10 Nights / 11 Days
Departing from Maun through Deception Valley in the Central Kalahari Game Reserve to Khwai (near the Moremi Game Reserve) and into the Chobe National Park, returning to Maun
Serviced Camping in en-suite tents on a mobile safari
Itinerary – Overview:
4 Nights camping in Deception Valley (Central Kalahari Game Reserve)
1 Night Lodge / Chalet Accommodation in Maun en-route to Khwai
3 Nights camping in the Khwai Community Area bordering Moremi Game Reserve
2 Nights camping in Savute, Chobe National Park
Upon arrival into Maun Airport, you will be met and transferred to Deception Valley by your guide. The drive into CKGR will take approx 5-6 hrs. Enjoy a picnic lunch en-route.
After breakfast and a short morning game drive we pack camp and return to Maun by road where a picnic lunch will be enjoyed en-route to Maun. You will arrive in Maun in the afternoon where you can enjoy dinner and a night in Maun before continuing your adventure the following morning.
Following an early breakfast we leave Maun and journey to Khwai, stopping for a picnic lunch en-route. The Khwai River forms a boundary between the reserve and the community area. We spend the next three nights camping at a campsite in the community area, exploring the Khwai floodplains on game drives both during the day and at night. You will also enjoy a 2.5 hour mekoro trip.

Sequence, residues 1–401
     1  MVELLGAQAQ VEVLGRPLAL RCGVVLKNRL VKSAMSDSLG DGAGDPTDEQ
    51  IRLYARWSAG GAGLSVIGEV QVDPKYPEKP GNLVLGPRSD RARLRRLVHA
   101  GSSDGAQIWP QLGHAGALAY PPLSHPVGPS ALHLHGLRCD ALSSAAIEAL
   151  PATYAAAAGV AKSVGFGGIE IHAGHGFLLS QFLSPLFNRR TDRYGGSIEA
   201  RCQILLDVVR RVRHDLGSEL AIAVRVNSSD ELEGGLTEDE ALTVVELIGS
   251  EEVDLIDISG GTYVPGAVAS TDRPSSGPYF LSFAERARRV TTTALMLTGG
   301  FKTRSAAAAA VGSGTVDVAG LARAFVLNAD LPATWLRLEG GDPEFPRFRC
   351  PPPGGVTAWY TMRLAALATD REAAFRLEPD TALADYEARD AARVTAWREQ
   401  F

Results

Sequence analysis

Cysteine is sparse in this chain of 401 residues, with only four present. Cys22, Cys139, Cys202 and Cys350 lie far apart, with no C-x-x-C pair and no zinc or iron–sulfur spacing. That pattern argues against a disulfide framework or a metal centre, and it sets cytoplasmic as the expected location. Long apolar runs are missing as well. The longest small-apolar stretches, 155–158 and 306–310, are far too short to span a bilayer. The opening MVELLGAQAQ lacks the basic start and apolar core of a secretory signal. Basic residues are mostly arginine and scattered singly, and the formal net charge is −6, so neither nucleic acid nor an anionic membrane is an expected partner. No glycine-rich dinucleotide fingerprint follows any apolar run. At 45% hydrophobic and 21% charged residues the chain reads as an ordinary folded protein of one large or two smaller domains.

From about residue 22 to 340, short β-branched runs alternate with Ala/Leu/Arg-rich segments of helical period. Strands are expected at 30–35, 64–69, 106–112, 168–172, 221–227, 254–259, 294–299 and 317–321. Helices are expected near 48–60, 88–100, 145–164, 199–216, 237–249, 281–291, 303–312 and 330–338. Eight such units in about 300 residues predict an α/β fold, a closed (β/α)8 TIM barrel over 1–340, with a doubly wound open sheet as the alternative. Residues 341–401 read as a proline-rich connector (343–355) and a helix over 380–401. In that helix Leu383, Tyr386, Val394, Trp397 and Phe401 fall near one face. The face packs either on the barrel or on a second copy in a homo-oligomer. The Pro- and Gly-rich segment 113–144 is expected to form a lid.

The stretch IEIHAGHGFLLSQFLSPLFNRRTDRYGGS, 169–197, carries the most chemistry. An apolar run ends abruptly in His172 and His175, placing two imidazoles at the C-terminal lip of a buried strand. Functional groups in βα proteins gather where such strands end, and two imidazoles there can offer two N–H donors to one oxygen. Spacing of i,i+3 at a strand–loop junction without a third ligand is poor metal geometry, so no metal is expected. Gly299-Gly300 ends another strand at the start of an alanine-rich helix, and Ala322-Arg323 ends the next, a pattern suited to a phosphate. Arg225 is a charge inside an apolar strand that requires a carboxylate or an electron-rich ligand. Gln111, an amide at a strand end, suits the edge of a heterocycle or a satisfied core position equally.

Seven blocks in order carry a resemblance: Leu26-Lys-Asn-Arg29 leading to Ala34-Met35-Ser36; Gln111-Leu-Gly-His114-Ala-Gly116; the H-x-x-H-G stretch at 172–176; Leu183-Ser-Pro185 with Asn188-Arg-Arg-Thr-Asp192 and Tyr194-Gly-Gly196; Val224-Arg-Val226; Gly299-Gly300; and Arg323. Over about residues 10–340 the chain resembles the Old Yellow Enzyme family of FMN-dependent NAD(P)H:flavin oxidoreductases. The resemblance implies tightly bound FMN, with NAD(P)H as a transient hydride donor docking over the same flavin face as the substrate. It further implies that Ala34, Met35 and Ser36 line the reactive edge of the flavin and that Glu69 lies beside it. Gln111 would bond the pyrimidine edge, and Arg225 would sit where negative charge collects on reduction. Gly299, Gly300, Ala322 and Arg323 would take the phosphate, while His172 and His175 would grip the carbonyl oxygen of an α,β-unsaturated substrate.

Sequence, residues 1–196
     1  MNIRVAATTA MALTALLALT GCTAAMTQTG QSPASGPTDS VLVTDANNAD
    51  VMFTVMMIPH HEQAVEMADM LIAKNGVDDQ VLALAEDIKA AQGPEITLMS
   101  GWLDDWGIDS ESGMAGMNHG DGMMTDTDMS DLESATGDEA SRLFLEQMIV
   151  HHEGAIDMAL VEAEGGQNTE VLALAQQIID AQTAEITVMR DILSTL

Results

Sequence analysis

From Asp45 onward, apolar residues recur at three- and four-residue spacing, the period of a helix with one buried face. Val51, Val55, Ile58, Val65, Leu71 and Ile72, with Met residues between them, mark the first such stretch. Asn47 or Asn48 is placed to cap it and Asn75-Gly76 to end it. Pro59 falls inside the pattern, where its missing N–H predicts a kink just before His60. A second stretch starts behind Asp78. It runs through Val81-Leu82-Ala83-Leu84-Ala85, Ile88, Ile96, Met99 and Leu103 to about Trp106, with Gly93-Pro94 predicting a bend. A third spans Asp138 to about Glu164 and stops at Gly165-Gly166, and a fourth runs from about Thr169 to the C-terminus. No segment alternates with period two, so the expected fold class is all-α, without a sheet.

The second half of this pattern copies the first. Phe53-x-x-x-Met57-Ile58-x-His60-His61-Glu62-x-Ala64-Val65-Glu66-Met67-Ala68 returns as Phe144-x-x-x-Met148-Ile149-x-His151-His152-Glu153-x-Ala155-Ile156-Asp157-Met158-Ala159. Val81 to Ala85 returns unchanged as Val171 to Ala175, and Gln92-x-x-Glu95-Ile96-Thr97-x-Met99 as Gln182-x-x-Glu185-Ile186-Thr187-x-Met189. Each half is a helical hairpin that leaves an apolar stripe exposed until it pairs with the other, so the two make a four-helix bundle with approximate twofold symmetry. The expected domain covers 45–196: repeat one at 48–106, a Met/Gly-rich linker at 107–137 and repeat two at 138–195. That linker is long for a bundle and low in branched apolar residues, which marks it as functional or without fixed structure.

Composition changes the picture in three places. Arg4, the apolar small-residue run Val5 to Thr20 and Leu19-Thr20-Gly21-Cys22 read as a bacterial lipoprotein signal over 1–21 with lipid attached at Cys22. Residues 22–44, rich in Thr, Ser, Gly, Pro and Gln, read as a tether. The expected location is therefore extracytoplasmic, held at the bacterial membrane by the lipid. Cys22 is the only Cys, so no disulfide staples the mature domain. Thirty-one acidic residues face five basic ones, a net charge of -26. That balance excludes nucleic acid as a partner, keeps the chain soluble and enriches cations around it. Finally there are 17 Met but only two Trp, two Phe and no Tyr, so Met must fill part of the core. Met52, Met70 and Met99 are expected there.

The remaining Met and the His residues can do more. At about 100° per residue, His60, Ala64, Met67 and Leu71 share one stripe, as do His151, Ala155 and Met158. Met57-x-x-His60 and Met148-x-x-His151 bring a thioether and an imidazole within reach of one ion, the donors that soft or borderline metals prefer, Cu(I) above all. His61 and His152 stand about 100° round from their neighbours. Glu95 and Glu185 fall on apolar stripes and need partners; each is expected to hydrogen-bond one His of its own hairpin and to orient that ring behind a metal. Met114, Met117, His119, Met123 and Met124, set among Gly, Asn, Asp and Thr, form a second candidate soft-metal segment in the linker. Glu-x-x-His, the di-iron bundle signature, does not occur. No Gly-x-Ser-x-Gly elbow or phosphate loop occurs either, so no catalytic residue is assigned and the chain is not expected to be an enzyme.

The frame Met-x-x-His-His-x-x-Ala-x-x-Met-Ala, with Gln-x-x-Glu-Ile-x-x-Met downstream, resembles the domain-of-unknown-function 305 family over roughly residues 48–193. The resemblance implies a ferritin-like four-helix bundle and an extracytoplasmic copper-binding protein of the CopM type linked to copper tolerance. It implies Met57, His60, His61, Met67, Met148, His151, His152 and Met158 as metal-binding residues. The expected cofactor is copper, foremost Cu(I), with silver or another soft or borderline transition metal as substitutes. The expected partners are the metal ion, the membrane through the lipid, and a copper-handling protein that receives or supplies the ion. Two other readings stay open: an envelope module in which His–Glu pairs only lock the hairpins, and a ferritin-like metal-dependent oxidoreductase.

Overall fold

Exploring after dark with spotlights offers you an opportunity to experience some of the nocturnal animals that are rarely encountered during the day. It is important to note that night drives are not permitted within the national parks and reserves. These activities are conducted outside the boundaries of the Moremi Game Reserve in the Khwai community area.
We head further north en-route to Chobe National Park, where we spend the last two nights camping in a wilderness campsite in the Savute region, exploring the desert-like landscape of game drives. Never has there been a better time to visit Savute than now!
The water from the Savute Channel reached the marsh for the first time in 30 years in 2010 winding its way from the North. Savute has for the last 30 years been an extremely dry area and lately its claim to fame has been lions killing elephants and they come for the few drops of water that remain in the waterholes. The dynamics have all changed with the arrival of the water …who knows what will happen.
Savute is characterised by the Savute Marsh, the Savute Channel and the Hills. During morning and late afternoon drives our guides will alternate between these areas. Anything can happen on the Savute Marsh and it’s best to get there early in the morning. A dominant feature of Savute is the Hills, one of which has a few perfectly preserved bushmen paintings which are easily accessible. Savute has a very healthy population of leopard who live on these hills and the best time to see them is either first or last light as they leave their stony refuge to hunt in the surrounding bush.
Following breakfast we head back to Maun enjoying a picnic lunch en-route. You will be dropped in Maun at around 1pm for your onwards arrangements.
NOTE: Although we make every effort to adhere to schedules and itineraries; these are subject to change in light of changing local conditions (weather and roads) and availability. Mekoro Trip is subject to water levels. You will be notified accordingly. Rates are subject to National Park increase by Botswana Government without prior notice.